Product Review: JD Jetting Kit Is Ultimate Fix For Yamaha WR 250f
Let’s face it, not everyone needs a full blown works racing bike to satisfy being a weekend warrior rider. A fun, reliable, low maintenance dirt bike can produce endless smiles along countless trails. The Yamaha WR 250f meets the challenge. It’s a great all-around enduro bike, with proven Yamaha reliability. The handling and suspension are excellent, and the maintenance is simple and low cost. The problem however, is that Yamaha’s WR 250f comes out of the crate with way too many “political corks” and restrictions cast upon it. Yamaha successfully created a phenomenal off-road dirt bike for the masses, and then choked it badly…so badly that it simply cannot breath properly. Once uncorked, the WR 250f’s performance is vastly improved and worlds apart from it’s original factory state.
We set out to ‘uncork’ our WR 250f in order to allow the bike to perform better. The bike has serious bogging issues in stock form, and the power is robbed by restrictions installed at the factory. Once we completed our list of modifications, the bike ran much better. All of the tasks were fairly simple to do, and best of all they were all mostly free. We still couldn’t get the jetting perfectly spot on though. We tried many different jets and settings, and found none of them to work perfectly. Our WR 250f was relieved to be ‘uncorked’ and wanted to be ‘unleashed’ into the wild…but the Keihn FCR 37mm carburetor just wouldn’t cooperate. So, for expert jetting advice, we turned to the indisputable FCR experts at James Dean Jetting (JD Jetting).
JD jetting is the industry leader, known for producing highly accurate and effective dirt bike jetting kits. The company was founded long before most of today’s motocross stars were even born. JD Jetting is the motocross community’s number one source for expert advice regarding Keihin and Mikuni carburetor jetting concerns. JD’s jetting kits are not only thoroughly tested using dyno technology, but each kit comes with the exact specifications for your bike and settings for your track location’s altitude. The JD Jetting kit was exactly what we needed to complete the job of restoring power to our Yamaha WR 250f. JD sent us a JDY011 kit … specific to the WR 250f’s Keihin 37mm carburetor. At just under $80, the kit was worth it’s weight in gold considering the improved performance. It was absolutely astonishing how well the kit worked on the WR 250f, especially when compared to results of our own stubborn tinkering of the jetting. JD’s proprietary needle may possibly be what solved the bike’s ‘hick-ups’. Other hardware in the kit seemed standard, but their specialized ‘red’ needle, specific to our bike’s carburetor, was a proprietary JD product and certainly made the Yamaha sing … especially when combined with our other modifications. The instructions helped us to fine tune the leak jet, main jet, needle and needle clip to our location’s altitude (sea level to 3000ft elevation). The kit also included a perfectly sized o-ring to wrap around the accelerator pump linkage screw in order to help prevent excessive bogging. We also installed a JD jetting fuel screw as advised by JD in order to accurately fine tune the carburetor’s air/ fuel mixture.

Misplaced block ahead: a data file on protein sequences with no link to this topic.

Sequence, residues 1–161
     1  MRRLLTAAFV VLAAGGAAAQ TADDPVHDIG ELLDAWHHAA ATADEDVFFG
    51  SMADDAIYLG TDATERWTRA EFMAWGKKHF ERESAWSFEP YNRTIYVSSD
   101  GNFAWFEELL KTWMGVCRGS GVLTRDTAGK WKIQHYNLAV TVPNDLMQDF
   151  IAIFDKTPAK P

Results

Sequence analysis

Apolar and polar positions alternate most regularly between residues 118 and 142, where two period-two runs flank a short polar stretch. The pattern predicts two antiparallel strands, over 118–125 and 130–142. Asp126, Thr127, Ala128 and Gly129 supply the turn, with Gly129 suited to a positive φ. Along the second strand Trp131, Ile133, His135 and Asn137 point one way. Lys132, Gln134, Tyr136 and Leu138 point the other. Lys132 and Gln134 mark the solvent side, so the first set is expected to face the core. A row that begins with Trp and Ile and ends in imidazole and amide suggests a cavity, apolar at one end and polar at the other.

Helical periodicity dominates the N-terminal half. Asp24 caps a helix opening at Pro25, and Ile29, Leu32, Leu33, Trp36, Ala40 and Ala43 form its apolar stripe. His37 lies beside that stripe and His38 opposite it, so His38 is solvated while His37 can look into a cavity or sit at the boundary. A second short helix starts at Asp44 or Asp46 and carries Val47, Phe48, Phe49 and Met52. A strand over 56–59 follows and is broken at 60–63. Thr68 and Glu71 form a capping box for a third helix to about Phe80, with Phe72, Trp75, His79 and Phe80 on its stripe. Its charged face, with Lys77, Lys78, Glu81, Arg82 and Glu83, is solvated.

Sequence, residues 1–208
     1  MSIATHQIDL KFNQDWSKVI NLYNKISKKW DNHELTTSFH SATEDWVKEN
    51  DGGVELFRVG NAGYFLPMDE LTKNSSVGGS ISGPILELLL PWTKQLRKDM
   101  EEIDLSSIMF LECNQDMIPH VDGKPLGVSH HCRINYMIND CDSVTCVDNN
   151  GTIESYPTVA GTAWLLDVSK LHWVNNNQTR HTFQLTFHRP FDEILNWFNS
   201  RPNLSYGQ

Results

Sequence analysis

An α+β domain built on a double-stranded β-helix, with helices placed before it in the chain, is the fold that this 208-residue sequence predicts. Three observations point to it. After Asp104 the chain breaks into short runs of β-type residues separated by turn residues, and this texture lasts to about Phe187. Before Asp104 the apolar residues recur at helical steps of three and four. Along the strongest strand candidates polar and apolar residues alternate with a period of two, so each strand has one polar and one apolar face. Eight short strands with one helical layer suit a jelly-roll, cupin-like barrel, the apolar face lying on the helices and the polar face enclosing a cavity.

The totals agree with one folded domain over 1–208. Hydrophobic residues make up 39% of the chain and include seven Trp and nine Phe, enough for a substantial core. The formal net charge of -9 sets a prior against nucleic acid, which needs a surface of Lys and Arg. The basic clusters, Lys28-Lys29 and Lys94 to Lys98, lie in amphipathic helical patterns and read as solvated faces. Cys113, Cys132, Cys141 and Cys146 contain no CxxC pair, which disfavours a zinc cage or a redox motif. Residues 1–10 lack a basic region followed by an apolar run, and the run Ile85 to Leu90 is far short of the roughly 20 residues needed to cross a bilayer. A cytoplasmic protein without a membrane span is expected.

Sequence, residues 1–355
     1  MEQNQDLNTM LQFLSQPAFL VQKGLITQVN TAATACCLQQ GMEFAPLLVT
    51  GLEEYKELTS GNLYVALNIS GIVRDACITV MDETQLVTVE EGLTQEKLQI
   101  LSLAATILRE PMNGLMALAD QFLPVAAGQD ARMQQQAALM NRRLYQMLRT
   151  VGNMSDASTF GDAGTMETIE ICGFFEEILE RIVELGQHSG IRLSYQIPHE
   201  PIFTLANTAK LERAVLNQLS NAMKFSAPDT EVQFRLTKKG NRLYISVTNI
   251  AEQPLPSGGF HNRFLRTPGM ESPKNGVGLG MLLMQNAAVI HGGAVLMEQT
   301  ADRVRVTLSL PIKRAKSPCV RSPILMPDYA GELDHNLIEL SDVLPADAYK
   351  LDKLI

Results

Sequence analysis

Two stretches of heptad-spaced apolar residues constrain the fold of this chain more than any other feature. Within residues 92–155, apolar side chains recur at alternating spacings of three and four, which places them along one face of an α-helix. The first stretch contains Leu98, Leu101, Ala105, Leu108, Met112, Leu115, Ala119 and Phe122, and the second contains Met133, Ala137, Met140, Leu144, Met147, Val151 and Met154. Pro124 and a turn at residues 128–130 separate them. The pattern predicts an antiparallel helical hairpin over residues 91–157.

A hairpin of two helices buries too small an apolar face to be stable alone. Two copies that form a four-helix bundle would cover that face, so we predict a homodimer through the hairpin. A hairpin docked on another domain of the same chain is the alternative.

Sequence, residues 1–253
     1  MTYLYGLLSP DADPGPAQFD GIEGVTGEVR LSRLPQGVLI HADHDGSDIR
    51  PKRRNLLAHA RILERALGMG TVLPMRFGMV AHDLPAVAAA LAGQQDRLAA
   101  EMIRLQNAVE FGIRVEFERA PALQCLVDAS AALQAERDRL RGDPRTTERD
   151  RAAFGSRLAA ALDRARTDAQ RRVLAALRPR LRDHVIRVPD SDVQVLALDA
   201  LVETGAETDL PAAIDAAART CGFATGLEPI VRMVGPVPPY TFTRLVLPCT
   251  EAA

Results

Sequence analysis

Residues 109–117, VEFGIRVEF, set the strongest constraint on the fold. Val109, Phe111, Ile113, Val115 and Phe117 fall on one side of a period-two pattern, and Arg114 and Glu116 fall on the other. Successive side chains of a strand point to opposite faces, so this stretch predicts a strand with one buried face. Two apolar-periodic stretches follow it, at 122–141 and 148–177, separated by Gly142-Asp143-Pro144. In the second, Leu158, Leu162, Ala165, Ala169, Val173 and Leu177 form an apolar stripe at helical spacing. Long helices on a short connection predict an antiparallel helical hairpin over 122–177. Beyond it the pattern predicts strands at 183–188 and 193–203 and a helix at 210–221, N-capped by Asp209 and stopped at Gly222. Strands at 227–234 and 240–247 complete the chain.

The kit itself was simple to install. The biggest challenge was getting clear access to the Yamaha’s large Keihin 37mm carburetor. The aluminum frame’s design was so erognomic, that it became necessary for us to remove the gas tank, seat, and subframe, in order to have enough access to complete the kit installation. Certainly carburetors on today’s modern bikes are not as easy to access, as they were on classic vintage iron bike’s from the past! Overall, the JD jetting kit did the trick and was the real missing link to perfectly dialing in our weekend warrior WR 250f. Cheers, Chronic MX.
Inexpensive modifications done to ‘uncork’ the Yamaha WR 250f:
1. Cut Gray Wire (behind rear left number plate)
2. Removed snorkel contraption from the air box
3. Drilled several vent holes in the top of the WR’s air box
4. Removed pea shooter from exhaust baffle.
5. Blocked off 3 tubes in the AIS system using AIS removal kit
6. Flipped the ACV valve
7. Cut 8mm off of the throttle stop screw.
8. Installed JD Jetting JDY011 Kit (60 Leak Jet, Red JD needle with clip in #3 psoition, 180 Main Jet).
9. Installed JD Jetting Fuel screw (2 turns out)
10. Add o-ring around the accelerator pump linkage (o-ring included in JD kit)